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Mixed bag; This week's DVDs have romance, thrills and Mater the truck

A comedy, a drama based on a best-selling novel, a sequel to a family favorite and a documentary about an environmental battle are among the new movies being released on home video on Tuesday.

*"Crazy, Stupid, Love" opens with a clever montage of couples' feet engaging in flirtation under restaurant tables. When the camera lands on Cal (Steve Carell) and his wife, Emily (Julianne Moore), she's wearing come-hither heels while Cal is decked out in shlumpy sneakers.

Which in part accounts for why Emily announces at that same restaurant that she wants a divorce. He numbly agrees, moves out of their comfortable house and into a depressing bachelor pad and begins hitting a singles bar, where he comes under the tutelage of serial seducer Jacob (Ryan Gosling), a playah Pygmalion who takes Cal on as a personal makeover project. What ensues is the kind of smooth, fitfully funny, finely machined romantic comedy that is expertly calibrated to hit all the rom-com happy places.

Info: Available on DVD ($29.98) and on a two-disc Blu-ray/DVD combo pack ($35.99). This is one of the first Warner Brothers releases to include the new UltraViolet digital copy that will allow you to watch the movie on a multitude of devices such as PCs, game consoles, smartphones, etc. The DVD copy also has deleted scenes and the Blu-ray comes with cast interviews with Carell, Gosling and Emma Stone.

*Like the circus that provides the setting for Sara Gruen's best-selling novel "Water for Elephants," the movie based on that 2006 book is big, slick and showy. The standout among its star attractions is the Austrian-born Christoph Waltz as the mercurial-to-the-point-of-psychopathic August Rosenbluth.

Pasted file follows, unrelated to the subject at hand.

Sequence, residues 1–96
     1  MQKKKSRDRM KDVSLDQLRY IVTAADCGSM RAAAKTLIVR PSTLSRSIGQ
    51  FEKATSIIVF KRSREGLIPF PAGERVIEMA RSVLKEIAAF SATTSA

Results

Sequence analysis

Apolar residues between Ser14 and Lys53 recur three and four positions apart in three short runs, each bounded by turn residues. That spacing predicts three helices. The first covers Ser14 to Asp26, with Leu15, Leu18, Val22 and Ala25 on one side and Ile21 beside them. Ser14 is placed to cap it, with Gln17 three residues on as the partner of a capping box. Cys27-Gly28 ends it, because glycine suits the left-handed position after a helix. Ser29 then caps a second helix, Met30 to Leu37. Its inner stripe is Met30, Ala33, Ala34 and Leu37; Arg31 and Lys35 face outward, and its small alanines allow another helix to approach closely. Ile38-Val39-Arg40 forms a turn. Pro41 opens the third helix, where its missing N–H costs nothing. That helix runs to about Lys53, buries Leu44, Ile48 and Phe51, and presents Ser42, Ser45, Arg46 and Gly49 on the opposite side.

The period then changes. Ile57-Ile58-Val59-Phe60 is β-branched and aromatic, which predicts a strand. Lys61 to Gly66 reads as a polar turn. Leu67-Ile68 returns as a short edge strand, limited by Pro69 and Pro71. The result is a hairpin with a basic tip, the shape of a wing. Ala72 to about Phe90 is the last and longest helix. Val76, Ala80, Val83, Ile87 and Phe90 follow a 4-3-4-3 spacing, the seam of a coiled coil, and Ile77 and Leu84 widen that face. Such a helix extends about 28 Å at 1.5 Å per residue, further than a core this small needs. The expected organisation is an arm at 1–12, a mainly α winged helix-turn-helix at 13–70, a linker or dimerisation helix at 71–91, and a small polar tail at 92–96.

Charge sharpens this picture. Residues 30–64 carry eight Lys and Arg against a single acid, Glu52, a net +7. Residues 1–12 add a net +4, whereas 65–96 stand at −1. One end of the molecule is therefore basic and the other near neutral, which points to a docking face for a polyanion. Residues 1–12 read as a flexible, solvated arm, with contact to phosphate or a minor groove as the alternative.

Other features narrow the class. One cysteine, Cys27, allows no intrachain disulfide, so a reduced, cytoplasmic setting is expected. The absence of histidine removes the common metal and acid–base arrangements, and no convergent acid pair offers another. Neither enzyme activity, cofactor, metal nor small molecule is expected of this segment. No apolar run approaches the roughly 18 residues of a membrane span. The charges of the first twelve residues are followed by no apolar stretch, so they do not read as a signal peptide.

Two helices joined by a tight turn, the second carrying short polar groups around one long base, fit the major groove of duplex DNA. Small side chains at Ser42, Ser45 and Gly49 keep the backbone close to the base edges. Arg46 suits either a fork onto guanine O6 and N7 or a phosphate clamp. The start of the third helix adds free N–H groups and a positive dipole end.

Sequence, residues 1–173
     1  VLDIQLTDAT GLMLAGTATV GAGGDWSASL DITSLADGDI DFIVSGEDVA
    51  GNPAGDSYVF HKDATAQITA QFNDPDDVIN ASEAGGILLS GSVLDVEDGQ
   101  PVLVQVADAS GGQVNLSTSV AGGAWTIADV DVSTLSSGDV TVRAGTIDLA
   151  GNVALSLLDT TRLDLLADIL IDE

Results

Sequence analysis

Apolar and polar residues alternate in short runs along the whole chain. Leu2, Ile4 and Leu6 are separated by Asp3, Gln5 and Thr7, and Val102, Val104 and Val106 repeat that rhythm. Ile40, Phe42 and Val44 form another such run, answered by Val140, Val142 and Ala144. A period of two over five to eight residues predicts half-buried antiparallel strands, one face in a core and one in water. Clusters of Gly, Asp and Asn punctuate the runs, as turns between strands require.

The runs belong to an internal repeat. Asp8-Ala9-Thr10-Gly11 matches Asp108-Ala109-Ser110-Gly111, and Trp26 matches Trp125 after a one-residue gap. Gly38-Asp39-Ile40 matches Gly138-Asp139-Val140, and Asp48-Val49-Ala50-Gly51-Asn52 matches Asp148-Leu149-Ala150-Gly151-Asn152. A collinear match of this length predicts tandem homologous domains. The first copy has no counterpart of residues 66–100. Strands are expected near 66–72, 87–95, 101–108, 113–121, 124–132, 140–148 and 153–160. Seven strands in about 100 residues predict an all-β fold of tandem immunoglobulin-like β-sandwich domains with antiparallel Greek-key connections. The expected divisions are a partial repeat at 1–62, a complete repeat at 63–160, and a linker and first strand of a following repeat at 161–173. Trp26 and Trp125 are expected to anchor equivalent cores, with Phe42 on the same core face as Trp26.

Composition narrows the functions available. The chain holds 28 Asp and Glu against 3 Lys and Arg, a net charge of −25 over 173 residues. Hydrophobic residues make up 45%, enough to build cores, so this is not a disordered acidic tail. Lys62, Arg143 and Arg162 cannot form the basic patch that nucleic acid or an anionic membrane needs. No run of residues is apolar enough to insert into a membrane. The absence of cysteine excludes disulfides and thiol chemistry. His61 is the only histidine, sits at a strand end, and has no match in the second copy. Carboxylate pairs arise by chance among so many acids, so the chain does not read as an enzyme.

It is August who hires the film's narrator, Jacob Jankowski (Robert Pattinson), a student of veterinary medicine forced to drop out of Cornell and join the circus when his parents are killed. And it is August who is married to the ravishing circus performer Marlena (Reese Witherspoon), who catches Jacob's eye. Their attraction is the most predictable thing about "Water," which, like a well-rehearsed circus animal, occasionally has the feeling that it's merely going through the motions. You know where it is headed, but it's still fun to watch.

Info: Available on DVD ($29.98) and Blu-ray with digital copy ($39.99). Includes featurettes on Pattinson and Witherspoon and commentary with director Francis Lawrence and writer Richard LaGravenese.

*"Cars 2" features a lot more of two things: Mater, the rusty, rednecky tow truck voiced by Larry the Cable Guy, and car racing. As lovable as Mater is, let's face it: A little bit of Larry the Cable Guy goes a long way. Fortunately, "Cars 2" is a long way from Radiator Springs, the remote Southwestern town where the first movie took place.

Set in Tokyo, London and a picturesque Italian village during a three-part, international race to determine the fastest car in the world, "Cars 2" boasts eye-popping scenery of far-flung locales and thrilling race sequences. It's a visually stunning film. Unfortunately, the sequel shortchanges the very relationships that gave the first movie its surprising heart.

Info: Available on DVD ($29.99), two-disc Blu-ray/DVD combo pack ($39.99) and a five-disc 3-D Blu-ray/DVD combo pack ($49.99) that has a 3-D Blu-ray, standard Blu-ray and DVD plus a digital copy. There's also a large 11-disc "Car's Director's Edition" Blu-ray/DVD combo set ($119) that has "Cars," "Cars 2" and "Mater's Tall Tales."

Extras include commentary by director John Lasseter; short feature "Toy Story Toon: Hawaiian Vacation" and a "Cars" cartoon "Air Mater." Also, on Blu-ray five and 11-disc versions: deleted scenes, a sneak peek of Cars Land, a world tour interactive map, making-of featurettes, set explorations from the cities in the movie and 3-D and digital copies.

*The title of "The Last Mountain" refers to Coal River Mountain, a peak that has become a symbol of the fight between Massey Energy and environmentalists allied with local residents.

Filmmaker Bill Haney effectively paints a picture of destruction on both an environmental and a human level. Billions of gallons of stored toxic sludge menacingly overlook a grade school beside mountains that were destroyed and rebuilt by Massey into something that look more like moonscape than natural terrain.

The most affecting tales come from the miners, who fear for their lives, and the residents whose towns have become depopulated due to the alarmingly frequent explosions and toxic water. These stories, not those of the activists, are the most inspiring and the most likely to make you think twice before leaving the lights on.

Info: DVD ($29.99). Extras include outtakes and deleted scenes; Q&A with Robert F. Kennedy Jr. and messages from Emmylou Harris, Naomi Judd and Kathy Mattea.

-- Washington Post

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